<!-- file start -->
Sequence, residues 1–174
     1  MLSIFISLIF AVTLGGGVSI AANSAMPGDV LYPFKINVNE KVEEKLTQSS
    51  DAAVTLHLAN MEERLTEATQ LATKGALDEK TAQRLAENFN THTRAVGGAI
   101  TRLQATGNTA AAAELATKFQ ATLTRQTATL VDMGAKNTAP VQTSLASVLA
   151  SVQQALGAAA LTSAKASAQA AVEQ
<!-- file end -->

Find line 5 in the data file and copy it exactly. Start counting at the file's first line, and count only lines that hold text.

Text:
   151  SVQQALGAAA LTSAKASAQA AVEQ